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*Hazel Whitford Miller Goheen...
Her Story

by Paul Hackett

Meet a vibrant Hazel Whitford Miller Goheen, now 95 (she was born on May 3, 1910) whose recollections are marvelous and whose specificity is fantastic. Three hours of videotaped material give us up-close views of 1929-1944 on South Hill.

As a teen-ager in the late 20’s times were hard for many people and for the Whitford family, but Hazel was no burden to her family. She was the third daughter. She didn’t go with a “steady boyfriend” because she was focused on preparing to be a teacher. She went to Bellingham Normal for college.

Hazel portrait
Hazel Whitford Miller Goheen

“I worked as a grade school janitor 2 hours Mon.-Fri. and 2½ hours on Saturday while attending school. Then continued while graduation was going on with the same. I was paid $.35 an hour. This paid my way through normal school. It is too bad boys and girls couldn’t pay their way now—it costs so much now.”

In May 1929, 19-year old Hazel did not attend her graduation because she could not afford a formal dress. Working after school as a janitor to save up money for appropriate teacher-clothes she opted out of the ceremony.

However on graduation no contract came her way.

Her cousin Alvah Huff, who was visiting grandparents in Custer, suggested she send her application to Firgrove, which she did. (The school was 3/4th mile east of Meridian and 136th. It burned down in 1934). She said she would come for a personal interview; they sent the contract immediately, so she signed it and sent it back. Mrs. Winnifred Huff picked her up at the Puyallup bus station and took her to meet the school board. When she was introduced to Mrs. Bock, after a bit Mrs. Bock said, “Are you the teacher?” as she looked down at the 5 foot-1-inch petite “girl” before her, dressed in one of the three new dresses she now owned.

Mrs. Patzner and Mr. Predmore were the other two members of the school board. (Patzner lived just east of the schoolhouse on 136th St E and the street was named after him). But she was hired and after that she got along well with the students. Hazel had good classroom control. She walked to and from the school through the woods.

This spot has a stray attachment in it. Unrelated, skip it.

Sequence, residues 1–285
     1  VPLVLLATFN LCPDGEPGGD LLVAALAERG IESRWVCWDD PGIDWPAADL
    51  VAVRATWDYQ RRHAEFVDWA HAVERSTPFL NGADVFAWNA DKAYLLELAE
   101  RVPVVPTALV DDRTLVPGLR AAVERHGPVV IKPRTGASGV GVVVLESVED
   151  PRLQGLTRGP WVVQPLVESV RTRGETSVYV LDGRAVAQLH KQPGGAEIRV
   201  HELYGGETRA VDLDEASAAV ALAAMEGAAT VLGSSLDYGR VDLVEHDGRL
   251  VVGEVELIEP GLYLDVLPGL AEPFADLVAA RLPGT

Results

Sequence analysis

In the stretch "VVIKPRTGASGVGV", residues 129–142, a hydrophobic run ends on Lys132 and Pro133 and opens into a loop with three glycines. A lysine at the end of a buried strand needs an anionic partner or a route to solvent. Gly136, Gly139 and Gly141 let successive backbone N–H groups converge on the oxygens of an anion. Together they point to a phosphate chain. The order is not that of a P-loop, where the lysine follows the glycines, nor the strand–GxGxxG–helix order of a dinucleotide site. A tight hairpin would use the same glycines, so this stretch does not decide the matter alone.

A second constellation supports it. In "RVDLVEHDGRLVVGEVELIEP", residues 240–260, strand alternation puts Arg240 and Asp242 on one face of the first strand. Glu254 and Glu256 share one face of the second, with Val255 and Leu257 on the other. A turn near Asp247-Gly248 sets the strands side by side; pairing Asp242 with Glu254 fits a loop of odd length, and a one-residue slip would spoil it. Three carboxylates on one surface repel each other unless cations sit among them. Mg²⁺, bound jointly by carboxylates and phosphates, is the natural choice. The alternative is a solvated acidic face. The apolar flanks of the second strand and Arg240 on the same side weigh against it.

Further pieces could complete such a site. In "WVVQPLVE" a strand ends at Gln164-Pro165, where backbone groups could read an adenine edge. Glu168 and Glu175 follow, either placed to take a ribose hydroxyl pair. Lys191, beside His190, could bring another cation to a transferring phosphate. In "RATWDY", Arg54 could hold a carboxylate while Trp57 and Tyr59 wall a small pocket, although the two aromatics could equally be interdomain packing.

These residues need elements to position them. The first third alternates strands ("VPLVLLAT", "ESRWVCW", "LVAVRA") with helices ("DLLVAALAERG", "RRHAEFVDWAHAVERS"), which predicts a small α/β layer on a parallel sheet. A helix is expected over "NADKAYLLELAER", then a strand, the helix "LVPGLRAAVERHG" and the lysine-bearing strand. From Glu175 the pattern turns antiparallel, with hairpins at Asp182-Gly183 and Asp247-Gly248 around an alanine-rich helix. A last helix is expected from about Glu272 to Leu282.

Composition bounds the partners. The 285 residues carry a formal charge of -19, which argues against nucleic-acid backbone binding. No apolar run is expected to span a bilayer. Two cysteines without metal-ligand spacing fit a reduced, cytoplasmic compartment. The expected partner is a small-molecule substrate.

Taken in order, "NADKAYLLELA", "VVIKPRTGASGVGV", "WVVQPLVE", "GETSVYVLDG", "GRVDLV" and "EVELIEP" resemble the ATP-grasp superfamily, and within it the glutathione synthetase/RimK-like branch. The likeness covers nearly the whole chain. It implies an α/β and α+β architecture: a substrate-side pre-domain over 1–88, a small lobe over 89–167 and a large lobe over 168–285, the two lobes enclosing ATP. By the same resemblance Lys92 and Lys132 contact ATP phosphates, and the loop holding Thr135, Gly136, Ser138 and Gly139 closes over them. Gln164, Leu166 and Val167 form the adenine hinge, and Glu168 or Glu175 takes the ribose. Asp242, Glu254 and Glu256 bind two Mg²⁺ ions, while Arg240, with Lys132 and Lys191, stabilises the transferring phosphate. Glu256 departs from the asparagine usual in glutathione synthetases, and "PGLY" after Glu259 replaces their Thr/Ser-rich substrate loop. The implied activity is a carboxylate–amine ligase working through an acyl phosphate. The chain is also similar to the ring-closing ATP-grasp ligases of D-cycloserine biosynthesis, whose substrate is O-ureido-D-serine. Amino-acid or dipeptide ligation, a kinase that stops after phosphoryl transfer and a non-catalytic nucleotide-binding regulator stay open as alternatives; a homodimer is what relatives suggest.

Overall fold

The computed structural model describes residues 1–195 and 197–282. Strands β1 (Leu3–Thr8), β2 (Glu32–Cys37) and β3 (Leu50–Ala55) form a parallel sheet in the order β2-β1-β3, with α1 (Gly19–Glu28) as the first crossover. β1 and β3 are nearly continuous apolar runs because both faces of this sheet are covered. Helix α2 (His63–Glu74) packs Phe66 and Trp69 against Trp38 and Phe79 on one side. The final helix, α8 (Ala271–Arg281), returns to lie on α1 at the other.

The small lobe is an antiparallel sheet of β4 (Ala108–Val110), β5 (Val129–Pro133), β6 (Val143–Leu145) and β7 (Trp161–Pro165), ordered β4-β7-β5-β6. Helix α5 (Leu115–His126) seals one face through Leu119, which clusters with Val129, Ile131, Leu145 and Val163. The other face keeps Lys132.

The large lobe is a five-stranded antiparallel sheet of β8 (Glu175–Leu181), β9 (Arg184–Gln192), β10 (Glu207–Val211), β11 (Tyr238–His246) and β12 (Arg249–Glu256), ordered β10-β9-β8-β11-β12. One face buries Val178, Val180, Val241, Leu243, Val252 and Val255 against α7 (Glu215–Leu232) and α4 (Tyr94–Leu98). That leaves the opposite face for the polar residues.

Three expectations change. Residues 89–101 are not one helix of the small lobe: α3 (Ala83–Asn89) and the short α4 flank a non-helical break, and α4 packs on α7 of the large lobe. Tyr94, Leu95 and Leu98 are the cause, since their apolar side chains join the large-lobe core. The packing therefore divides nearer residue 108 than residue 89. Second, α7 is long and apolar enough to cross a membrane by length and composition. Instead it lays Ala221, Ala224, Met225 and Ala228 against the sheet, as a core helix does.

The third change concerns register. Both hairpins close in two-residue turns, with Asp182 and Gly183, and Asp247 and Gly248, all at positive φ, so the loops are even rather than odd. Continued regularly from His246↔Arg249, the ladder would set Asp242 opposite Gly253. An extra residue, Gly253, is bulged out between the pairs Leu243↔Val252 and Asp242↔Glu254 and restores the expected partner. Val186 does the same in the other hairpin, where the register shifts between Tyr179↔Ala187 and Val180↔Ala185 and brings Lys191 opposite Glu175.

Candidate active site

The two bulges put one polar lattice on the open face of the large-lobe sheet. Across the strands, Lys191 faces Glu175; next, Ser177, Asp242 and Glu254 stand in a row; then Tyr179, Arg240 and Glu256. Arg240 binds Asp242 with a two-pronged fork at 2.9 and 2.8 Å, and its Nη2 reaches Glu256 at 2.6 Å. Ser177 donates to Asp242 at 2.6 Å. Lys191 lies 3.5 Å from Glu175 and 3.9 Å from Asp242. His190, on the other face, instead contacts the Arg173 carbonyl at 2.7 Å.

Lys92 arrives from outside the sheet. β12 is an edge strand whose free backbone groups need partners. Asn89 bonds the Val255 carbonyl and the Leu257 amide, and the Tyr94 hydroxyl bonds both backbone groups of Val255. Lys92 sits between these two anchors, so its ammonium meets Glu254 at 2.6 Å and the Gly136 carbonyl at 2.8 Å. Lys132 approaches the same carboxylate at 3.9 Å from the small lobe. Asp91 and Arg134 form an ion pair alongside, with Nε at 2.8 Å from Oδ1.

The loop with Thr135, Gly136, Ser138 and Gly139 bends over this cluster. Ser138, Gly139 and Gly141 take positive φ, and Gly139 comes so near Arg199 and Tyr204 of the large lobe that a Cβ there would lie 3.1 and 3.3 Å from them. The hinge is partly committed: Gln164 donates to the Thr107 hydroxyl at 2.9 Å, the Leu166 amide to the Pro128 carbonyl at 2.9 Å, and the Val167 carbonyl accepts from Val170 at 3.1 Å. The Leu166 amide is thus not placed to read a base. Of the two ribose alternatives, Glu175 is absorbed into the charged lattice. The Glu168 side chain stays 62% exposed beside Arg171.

At that time teachers could not date, could not smoke or drink, and had to be in at 8 PM. Her pay? $100 a month plus $5 for doing the janitorial work in her own room. Of course pay was by an “interest bearing warrant.” She could cash the warrant “if there was enough tax money on hand”. (Some teachers quit because they couldn’t afford to teach when they could not cash their warrant.) However Hazel always got warrants she could cash. “That was good pay in those days,” she says.

She taught 25 children in the 1st-4th grade. Another teacher taught the 5th-8th grades. Hazel took the bus to Seattle twice to bring back suitcases of discarded books from the Library. She also bought an encyclopedia, which she left at the school. Perle Park was a 4th grader and truly found interesting articles in the encyclopedias Hazel bought.
Some of the students came from the “Rabbit Farms” where Dorothy (Nelson) lived as did the Gee’s. The Rabbit Farms were an unrecorded plat of 73 1.5 acre parcels fronting on 122nd St E. Dick Starkel was also a student from the family chicken farm and the Powell and the Wright family children attended. Only about 40 students in all lived in the catchment area from 122nd to 152nd east and west of Meridian.

In 1929 there were almost no businesses on Meridian. At Meridian and 112th St E area there were the Miller’s Grocery store and gas station, the Willows dance hall, where Hazel and her friends Shirley and Enid Wright and Eunice Stover danced to big bands. It was $.75 for males and $.25 for females; Kupfer’s home was on the other corner (now Border’s Bookstore).

This lasted two years until she took up the County Superintendent of Schools’ suggestion that, for her advancement she should take a teaching job at Woodland School. They offered her $115 and no janitorial work.